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The breakthrough solution for easier, faster, and more powerful Web development.
Using JSTL, software developers and Web page authors can create robust, flexible Web applications more quickly and easily than ever before. Now, best-selling author and JSTL expert David Geary presents the definitive guide to JSTL: its built-in tags, powerful expression language, and extensibility. Through practical examples and extensive sample code, Geary demonstrates how JSTL simplifies, streamlines, and standardizes a wide range of common Web development tasks and helps you build Web applications far more easily than JavaServer Pages technology alone.
Key topics covered:
Core JSTL shows you how to:
Click here for a sample chapter for this book: 0131001531.pdf
JSTL Overview. Getting Started. A Simple JSTL Web Application. JSTL Design Principles.
Expression Language Overview. Expressions. Identifiers. Operators. Type Coercion. Literal Values. Implicit Objects. Method Invocation. EL Expressions in Custom Actions. Common Mistakes.
General-Purpose Actions. Conditional Actions. Using Conditional and General-Purpose Actions Together. Conditional Custom Actions.
The <c:forEach> Action. The <c:forTokens> Action. Iteration Status. Custom Iteration Actions.
Overview. The <c:import> Action. The <c:redirect> Action. The <c:url> Action. The <c:param> Action. Accessing External Resources. Accessing Resources in Foreign Contexts. Redirecting a Response.
Overview. The Config Class.
Overview. I18N and L10N. Localization Contexts. An Overview of the I18N Actions. Use of <fmt:message. Request Encoding. I18N Custom Actions.
Formatting and Parsing Numbers. Formatting and Parsing Dates and Times. Using Time Zones. Determining a Formatting Locale.
Overview. A Simple Database. How JSTL Locates Data Sources. Creating Data Sources. Querying a Database. Updating a Database. Executing Database Transactions. Implementing Database Custom Actions.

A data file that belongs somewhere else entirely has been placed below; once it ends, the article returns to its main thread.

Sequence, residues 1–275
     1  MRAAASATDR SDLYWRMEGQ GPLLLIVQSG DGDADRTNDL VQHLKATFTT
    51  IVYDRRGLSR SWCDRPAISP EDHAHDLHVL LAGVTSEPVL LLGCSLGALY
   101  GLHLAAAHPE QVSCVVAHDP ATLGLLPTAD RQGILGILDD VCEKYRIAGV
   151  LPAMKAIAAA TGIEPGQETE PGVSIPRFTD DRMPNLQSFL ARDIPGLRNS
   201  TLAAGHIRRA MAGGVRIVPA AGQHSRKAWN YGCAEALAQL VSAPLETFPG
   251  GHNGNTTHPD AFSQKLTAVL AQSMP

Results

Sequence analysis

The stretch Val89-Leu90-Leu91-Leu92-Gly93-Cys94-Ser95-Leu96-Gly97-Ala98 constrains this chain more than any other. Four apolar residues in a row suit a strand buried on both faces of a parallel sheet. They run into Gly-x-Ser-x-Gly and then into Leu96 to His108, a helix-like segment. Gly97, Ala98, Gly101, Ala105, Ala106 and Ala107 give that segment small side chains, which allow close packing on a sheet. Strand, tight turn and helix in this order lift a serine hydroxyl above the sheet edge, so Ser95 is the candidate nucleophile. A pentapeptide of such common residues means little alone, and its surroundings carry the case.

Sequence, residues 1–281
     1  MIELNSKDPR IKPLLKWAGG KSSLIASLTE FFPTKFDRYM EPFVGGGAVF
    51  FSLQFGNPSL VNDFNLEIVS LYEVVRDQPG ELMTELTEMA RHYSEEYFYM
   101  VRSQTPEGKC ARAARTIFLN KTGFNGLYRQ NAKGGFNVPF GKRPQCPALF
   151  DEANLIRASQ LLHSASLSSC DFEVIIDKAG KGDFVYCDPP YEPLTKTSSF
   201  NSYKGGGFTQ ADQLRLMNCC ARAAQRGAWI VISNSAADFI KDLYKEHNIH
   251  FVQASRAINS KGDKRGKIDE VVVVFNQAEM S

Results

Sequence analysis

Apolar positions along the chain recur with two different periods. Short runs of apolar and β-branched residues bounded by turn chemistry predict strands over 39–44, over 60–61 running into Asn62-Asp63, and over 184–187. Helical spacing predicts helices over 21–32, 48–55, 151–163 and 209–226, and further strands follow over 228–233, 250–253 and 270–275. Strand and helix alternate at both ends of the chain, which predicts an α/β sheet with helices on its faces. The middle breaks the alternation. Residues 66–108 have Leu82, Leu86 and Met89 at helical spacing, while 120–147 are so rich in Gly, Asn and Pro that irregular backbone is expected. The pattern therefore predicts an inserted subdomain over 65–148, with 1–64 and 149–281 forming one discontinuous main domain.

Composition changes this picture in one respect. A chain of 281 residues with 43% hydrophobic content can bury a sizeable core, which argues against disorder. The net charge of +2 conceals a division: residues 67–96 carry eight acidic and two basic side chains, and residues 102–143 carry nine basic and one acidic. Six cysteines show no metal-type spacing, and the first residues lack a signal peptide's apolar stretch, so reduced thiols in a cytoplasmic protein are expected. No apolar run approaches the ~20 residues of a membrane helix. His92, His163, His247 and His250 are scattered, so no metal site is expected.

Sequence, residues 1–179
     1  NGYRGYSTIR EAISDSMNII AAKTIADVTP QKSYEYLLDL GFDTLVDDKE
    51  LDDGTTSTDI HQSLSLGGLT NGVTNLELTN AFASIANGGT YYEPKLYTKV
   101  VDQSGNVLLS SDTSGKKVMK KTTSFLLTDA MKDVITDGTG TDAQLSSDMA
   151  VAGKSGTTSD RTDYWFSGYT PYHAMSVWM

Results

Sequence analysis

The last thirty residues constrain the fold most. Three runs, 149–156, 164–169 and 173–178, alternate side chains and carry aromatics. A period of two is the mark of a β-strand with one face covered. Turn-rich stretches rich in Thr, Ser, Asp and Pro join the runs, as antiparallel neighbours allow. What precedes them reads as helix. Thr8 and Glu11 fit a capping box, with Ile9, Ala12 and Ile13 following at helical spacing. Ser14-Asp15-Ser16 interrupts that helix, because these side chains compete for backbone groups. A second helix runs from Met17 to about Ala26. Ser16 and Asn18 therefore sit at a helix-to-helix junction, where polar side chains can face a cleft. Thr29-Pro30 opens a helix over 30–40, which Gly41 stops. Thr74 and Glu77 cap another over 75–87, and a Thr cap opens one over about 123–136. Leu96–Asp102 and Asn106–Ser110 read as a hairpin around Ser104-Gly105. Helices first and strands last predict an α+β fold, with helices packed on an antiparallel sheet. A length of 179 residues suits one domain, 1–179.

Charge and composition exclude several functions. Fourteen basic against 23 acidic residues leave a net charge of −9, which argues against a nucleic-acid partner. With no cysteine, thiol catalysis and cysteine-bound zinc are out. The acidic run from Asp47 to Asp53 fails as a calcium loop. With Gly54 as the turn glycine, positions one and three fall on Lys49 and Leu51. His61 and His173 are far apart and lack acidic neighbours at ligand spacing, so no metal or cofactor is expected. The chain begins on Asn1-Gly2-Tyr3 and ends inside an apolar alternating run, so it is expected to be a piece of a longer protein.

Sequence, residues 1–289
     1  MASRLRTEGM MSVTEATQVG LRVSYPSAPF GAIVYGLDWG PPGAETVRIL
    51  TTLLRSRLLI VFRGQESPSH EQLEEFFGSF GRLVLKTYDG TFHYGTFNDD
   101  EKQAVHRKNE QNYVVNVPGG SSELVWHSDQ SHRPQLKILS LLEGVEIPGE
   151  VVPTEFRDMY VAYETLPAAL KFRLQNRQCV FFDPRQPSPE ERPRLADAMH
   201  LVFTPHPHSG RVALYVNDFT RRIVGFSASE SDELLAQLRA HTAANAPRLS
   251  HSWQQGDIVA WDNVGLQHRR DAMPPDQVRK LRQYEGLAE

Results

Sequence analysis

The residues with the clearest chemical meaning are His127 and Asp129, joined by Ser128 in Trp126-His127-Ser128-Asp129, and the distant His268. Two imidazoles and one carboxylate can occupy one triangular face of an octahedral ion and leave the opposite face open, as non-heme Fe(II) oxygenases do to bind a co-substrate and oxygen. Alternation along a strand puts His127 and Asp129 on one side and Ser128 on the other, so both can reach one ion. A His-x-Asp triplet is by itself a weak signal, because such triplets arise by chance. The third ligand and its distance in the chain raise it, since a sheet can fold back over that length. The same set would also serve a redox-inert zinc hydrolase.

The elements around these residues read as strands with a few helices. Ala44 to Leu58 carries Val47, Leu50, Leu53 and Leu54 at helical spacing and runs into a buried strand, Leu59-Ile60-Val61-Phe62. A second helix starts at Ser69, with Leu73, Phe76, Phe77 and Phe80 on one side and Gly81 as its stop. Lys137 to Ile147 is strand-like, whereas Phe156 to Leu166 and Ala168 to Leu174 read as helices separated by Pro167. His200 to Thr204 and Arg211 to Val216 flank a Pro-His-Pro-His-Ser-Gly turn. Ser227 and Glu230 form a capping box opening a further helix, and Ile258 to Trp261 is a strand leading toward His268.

A Simple XML File. XML Actions Overview. XPath Overview. Parsing XML. Using Scoped Variables in XPath Expressions. Transforming XML with XSLT. Filtering XML. Accessing External Entities.
Action Reference Index. General-Purpose Actions. Conditional Actions. Iteration Actions. URL Actions. Internationalization Actions. Formatting Actions. Database Actions. XML Core Actions. XML Flow Control Actions. XML Transform Actions.
Download and Install MySQL. Download and Install a JDBC Driver for MySQL. Create a MySQL Database for Core JSTL Examples. Populate the MySQL Database Used in Core JSTL Examples.
Until recently, JavaServer Pages (JSP) has, for the most part, been accessible only to Java developers. That's because JSP did not provide a standard set of tags for common functionality or a scripting language for page authors. The lack of those essential features meant that JSP developers had to embed Java code in JSP pages or implement custom tags that encapsulated that Java code. Either way, they had to be well versed in the Java programming language to effectively use JSP.
To implement maintainable and extensible Web applications, developers must decouple business and presentation logic. Without an expression language or standard tag library, JSP pages often contained a great deal of Java code, which allowed easy access to business logic. That Java code and the inevitable related business logic tightly coupled JSP pages with the underlying data model, which resulted in brittle systems that were difficult to modify or extend.